Aside from your boss, your connections on LinkedIn can make up a huge part of your audience as well. Don’t connect with everyone. Connect with the people that you either know, have worked with in the past, or hope to work with in the future. When you do connect, make sure to send a personal message thanking them for the connection.
Get Your Foot in the Door Through Networking
I know networking can be scary, but it’s time we embrace it. It isn’t only about what you know, but who you know as well. According to Business Insider, more than 70% of open positions aren’t even listed online – many hiring managers use employee referrals to fill open positions within companies.
Whether it is staying in contact with former professors or employers, attending career and internship fairs on campus, or going to happy hour lunches with your co-workers – these are all great ways to start networking! It doesn’t matter how you start, but the sooner you start, the sooner you can start reaping the benefits!
Networking is the key to growing your professional circle of peers, mentors, and superiors.
Don’t be shy in meeting new people—if it helps, think of it like speed dating. You want to stand out amongst every other person in the room to make a connection with people you want to include in your professional circle.
Curate an Online Presence
Whether it’s Instagram, Twitter, Facebook, or Snapchat, make sure you’re keeping your social media accounts clean. In other words, make sure you don’t post anything on your social media that you wouldn’t want your grandma to see! According to a survey completed by CareerBuilder, approximately 70% of hiring managers use social media when screening candidates during the interview process.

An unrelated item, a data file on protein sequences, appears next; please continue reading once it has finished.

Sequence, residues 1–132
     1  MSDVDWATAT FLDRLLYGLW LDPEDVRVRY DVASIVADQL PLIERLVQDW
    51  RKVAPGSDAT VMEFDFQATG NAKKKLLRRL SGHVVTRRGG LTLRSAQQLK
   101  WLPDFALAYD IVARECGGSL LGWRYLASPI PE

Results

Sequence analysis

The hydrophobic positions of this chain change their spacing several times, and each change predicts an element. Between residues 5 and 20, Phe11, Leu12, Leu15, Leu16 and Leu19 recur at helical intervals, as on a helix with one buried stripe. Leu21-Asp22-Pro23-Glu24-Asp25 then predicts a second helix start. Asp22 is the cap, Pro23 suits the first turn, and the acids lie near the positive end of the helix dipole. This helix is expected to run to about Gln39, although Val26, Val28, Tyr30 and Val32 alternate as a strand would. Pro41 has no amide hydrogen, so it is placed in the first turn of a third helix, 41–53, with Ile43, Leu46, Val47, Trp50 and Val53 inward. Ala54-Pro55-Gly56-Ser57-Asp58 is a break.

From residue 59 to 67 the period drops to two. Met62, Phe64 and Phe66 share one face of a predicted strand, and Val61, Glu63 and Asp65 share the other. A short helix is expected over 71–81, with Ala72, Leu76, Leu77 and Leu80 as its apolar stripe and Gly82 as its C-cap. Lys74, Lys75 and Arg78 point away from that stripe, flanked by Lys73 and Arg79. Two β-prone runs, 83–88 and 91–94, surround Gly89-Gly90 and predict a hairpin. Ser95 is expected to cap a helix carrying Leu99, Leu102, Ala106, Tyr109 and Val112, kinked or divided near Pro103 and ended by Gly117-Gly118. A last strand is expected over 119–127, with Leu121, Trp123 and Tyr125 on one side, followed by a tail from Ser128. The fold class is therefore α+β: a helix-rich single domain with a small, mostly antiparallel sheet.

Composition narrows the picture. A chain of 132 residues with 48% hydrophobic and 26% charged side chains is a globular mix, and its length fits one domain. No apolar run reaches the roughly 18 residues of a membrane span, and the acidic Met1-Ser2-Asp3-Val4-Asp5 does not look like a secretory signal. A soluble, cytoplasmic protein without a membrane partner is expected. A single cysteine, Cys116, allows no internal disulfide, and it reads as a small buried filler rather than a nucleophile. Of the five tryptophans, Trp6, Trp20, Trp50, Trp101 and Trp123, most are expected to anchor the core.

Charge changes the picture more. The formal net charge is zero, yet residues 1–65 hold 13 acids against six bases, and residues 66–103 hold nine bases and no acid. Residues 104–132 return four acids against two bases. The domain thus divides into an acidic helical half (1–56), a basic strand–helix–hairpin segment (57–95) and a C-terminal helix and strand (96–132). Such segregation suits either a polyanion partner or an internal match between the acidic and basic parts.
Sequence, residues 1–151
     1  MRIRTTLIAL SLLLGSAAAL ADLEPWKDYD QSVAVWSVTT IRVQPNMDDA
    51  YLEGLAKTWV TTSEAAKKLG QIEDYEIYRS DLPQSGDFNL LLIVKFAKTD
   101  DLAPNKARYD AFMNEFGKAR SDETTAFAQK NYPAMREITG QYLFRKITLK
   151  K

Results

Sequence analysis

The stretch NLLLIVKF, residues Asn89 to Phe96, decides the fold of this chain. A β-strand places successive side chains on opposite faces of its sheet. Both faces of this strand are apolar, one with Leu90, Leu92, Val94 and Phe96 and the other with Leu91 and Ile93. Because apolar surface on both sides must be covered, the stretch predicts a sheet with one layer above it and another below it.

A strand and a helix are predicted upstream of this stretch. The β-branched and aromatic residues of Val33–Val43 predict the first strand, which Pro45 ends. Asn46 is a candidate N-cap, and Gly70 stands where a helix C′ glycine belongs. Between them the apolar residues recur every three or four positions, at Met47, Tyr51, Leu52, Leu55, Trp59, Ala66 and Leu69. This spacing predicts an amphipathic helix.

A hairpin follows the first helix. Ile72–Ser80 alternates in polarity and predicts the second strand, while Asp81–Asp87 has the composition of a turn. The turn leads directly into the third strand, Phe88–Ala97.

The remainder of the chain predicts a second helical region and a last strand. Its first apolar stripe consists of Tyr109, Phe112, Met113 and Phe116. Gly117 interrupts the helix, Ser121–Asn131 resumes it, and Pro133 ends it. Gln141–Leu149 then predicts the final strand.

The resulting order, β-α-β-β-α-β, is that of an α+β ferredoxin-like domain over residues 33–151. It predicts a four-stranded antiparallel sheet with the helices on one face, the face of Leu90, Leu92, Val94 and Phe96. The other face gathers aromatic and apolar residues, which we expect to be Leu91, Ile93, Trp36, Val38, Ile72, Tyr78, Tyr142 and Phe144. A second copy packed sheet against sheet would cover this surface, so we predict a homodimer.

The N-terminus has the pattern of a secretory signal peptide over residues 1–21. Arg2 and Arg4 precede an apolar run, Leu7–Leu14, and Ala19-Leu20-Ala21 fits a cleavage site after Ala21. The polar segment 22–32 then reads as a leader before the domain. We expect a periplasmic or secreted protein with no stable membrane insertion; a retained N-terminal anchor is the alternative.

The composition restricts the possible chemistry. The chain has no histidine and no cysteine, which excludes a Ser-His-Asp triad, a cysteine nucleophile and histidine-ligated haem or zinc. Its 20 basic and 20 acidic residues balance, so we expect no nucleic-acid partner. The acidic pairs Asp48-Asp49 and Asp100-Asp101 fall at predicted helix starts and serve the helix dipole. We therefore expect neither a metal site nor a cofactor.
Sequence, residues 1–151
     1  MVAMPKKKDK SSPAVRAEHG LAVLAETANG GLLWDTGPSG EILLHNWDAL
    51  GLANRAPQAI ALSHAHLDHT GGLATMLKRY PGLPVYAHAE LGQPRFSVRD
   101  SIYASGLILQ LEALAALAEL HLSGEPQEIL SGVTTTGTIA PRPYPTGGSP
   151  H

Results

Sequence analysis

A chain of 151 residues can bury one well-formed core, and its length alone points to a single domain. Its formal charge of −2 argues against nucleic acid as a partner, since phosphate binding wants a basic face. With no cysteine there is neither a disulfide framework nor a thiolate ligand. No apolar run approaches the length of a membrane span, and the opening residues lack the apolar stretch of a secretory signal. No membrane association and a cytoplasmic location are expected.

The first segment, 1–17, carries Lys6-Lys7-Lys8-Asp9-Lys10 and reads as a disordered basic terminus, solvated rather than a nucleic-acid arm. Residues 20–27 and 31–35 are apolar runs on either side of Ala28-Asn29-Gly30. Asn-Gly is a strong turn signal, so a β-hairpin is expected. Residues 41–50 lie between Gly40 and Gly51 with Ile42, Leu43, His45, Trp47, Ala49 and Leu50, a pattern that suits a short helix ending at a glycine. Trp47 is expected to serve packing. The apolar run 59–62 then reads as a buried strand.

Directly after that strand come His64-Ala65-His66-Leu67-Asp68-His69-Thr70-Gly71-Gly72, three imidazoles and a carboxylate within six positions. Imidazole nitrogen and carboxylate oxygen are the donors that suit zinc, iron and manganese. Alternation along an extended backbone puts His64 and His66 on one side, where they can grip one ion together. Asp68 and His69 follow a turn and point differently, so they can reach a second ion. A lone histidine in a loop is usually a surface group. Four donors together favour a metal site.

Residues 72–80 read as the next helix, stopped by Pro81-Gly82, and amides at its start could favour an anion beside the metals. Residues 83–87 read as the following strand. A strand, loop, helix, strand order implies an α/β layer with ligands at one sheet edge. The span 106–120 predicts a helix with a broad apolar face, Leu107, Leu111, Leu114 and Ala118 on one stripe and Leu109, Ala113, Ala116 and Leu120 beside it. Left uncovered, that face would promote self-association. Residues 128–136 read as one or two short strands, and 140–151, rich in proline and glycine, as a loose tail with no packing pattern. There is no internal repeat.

Aside from cleaning up your social media accounts, make sure they best represent you and your personal brand. Your social media account should represent the online, authentic version of yourself. For example, if traveling is one of your passions, then share those international travel pictures with your audience. You might even consider making a separate Instagram account or start a traveling blog that includes the best tips and tricks for solo travelers. Your passions and values should be present in your social media accounts, so manage them professionally and make sure you stand out online.
Live by Your Personal Brand
Remember your personal brand is not just the way you present yourself during networking events or online, it’s the way you live your life every day. Your personal brand is a part of you, so make it count!
A big part of living by your personal brand is to establish your brand image. Instead of dressing for the job you have, give yourself a confidence boost by dressing for the job you’re striving for. Should you walk into an interview for a financial investment company wearing jeans and a sweatshirt? Of course not! Rock a black, navy blue or grey suit to look your professional best.
Remember that your personal brand is more than a representation of yourself; it’s a reflection of the professional and personal journey you seek. Plan out your short and long-term goals, and then illustrate how your personal brand can be incorporated into them.
For more tips on how to transition from college to the professional world, read our blog Getting Ready for Your First Job Out of College.